London - The British government and Olympic great Sebastian Coe are backing the national Olympic body's fight to keep a lifetime ban for drug cheats.
Coe, the two-time 1 500m champion who heads the organising committee for the 2012 London Games, and Olympics Minister Hugh Robertson said on Friday they have written letters supporting the British Olympic Association's hardline doping rule.
The letters were sent to the Court of Arbitration for Sport ahead of a hearing in London on March 12.
The BOA is challenging a decision by the World Anti-Doping Agency, which ruled in November that the lifetime ban was "noncompliant" with the global code and amounts to a second sanction.
The BOA contends the rule, which has been in place since 1992, is a matter of eligibility.
"I have written a supportive letter from a personal perspective of somebody who has a long and fairly robust history, and an unreconstructed history some might say, on this," Coe said. "It is a personal view."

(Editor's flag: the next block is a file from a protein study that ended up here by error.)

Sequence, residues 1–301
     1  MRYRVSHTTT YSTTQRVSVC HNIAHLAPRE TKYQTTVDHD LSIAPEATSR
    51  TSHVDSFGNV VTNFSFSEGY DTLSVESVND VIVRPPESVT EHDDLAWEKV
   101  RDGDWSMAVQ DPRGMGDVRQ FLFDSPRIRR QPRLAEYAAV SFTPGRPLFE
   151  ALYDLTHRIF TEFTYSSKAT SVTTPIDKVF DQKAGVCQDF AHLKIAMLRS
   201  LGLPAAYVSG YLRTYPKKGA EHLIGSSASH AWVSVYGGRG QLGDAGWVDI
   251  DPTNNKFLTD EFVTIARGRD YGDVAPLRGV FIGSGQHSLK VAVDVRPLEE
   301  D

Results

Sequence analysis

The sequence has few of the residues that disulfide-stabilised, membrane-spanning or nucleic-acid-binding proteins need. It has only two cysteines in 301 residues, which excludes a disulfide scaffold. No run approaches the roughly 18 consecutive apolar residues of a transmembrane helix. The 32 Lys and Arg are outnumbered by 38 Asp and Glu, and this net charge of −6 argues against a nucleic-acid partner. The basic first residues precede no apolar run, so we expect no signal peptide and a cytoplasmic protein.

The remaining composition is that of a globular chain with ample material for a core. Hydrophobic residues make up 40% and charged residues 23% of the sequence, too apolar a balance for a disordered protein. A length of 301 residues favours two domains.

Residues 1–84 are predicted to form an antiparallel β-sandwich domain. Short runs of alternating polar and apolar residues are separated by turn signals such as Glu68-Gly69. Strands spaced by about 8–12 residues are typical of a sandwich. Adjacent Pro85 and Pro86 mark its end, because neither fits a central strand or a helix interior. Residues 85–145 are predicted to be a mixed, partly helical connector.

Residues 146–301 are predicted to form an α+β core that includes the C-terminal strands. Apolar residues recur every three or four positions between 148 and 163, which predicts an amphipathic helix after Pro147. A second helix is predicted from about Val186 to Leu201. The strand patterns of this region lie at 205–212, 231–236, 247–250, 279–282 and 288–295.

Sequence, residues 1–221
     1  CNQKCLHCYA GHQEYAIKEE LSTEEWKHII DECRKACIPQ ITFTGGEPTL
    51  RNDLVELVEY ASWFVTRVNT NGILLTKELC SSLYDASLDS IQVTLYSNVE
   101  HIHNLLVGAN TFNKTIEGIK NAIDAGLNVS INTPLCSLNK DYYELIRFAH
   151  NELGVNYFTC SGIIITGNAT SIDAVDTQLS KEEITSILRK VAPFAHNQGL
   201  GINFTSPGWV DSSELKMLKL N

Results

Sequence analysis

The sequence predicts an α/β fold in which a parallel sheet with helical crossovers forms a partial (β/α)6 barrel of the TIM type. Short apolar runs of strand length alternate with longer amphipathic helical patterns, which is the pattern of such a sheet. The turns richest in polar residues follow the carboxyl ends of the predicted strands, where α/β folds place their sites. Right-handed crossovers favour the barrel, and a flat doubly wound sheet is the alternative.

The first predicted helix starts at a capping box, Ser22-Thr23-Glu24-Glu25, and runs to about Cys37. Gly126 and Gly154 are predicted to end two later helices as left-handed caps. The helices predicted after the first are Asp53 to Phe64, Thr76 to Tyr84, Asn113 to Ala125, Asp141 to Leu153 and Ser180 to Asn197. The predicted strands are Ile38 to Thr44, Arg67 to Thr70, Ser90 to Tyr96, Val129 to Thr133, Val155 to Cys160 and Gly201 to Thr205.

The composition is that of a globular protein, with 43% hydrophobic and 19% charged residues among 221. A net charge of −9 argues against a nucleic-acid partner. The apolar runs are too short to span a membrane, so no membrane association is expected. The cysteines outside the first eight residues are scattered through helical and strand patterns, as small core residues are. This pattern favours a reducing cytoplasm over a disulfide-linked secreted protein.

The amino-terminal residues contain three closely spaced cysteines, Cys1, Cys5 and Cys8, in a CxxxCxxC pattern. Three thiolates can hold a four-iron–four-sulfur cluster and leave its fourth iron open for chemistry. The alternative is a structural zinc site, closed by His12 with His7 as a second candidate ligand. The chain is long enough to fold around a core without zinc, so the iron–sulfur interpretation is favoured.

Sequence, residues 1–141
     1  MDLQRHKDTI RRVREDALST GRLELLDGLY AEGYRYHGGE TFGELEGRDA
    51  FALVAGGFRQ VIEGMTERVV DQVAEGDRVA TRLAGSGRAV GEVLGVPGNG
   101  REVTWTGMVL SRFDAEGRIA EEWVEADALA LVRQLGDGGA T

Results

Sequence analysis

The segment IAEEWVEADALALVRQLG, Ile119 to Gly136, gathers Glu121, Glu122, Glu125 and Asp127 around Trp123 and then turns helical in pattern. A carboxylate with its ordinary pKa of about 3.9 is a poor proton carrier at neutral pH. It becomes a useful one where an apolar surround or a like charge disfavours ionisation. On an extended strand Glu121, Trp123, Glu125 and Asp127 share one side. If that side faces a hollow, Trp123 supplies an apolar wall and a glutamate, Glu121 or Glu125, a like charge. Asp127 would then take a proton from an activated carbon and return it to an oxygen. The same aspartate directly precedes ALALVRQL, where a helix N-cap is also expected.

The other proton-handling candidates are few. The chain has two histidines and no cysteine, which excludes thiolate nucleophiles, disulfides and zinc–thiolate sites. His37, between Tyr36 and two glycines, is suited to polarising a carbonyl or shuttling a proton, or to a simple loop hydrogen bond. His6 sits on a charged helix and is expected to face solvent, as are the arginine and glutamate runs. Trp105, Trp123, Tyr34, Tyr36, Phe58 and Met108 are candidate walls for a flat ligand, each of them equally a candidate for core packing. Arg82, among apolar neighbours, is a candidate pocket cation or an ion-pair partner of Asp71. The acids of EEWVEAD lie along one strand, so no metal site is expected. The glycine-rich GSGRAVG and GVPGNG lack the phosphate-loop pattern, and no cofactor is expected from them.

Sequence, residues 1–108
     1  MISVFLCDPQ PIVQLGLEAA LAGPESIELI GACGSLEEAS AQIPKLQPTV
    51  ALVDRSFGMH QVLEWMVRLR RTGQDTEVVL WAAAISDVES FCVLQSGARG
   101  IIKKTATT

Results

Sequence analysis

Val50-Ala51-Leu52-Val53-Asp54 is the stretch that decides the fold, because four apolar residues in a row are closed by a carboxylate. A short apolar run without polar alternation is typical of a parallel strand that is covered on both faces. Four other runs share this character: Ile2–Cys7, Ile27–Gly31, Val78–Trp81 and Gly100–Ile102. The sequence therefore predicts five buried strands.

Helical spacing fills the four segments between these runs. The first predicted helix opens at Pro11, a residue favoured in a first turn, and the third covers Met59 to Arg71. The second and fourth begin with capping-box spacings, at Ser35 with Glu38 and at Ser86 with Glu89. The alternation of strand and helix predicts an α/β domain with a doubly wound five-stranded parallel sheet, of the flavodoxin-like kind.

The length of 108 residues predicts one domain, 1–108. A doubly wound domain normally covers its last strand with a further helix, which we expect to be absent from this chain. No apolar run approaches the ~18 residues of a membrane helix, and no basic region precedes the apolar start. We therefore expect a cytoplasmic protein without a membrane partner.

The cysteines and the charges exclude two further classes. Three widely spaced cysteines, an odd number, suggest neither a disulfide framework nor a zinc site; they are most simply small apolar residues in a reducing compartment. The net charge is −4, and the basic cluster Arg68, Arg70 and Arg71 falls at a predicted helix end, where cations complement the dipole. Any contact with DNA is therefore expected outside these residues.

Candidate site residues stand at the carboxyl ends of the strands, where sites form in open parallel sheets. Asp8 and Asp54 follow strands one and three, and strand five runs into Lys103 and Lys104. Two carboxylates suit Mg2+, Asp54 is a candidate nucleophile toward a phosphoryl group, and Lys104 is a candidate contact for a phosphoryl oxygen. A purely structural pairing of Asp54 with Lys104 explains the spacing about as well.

Robertson said he underlined the government's support for the BOA's right to select its own team.
"Secondly, it remains this government's policy to support a lifetime ban for drugs cheats," he said at a news conference marking the six-month countdown to the London Games.
Britain, the only country that enforces a life ban, could be forced to drop the rule ahead of the London Olympics if it loses its case.
Among British athletes currently covered by the BOA rule are sprinter Dwain Chambers, who served a two-year ban in the BALCO scandal, and cyclist David Millar, who was suspended for two years after testing positive for EPO.
If WADA wins the case, Chambers and Millar will become eligible to compete in London.
The BOA's regulation came under scrutiny after CAS threw out the International Olympic Committee rule that bars athletes who have received drug bans of more than six months from competing in the next games.
The CAS ruling cleared the way for American 400m runner LaShawn Merritt - who completed a 21-month doping ban last year - to defend his Olympic title in London.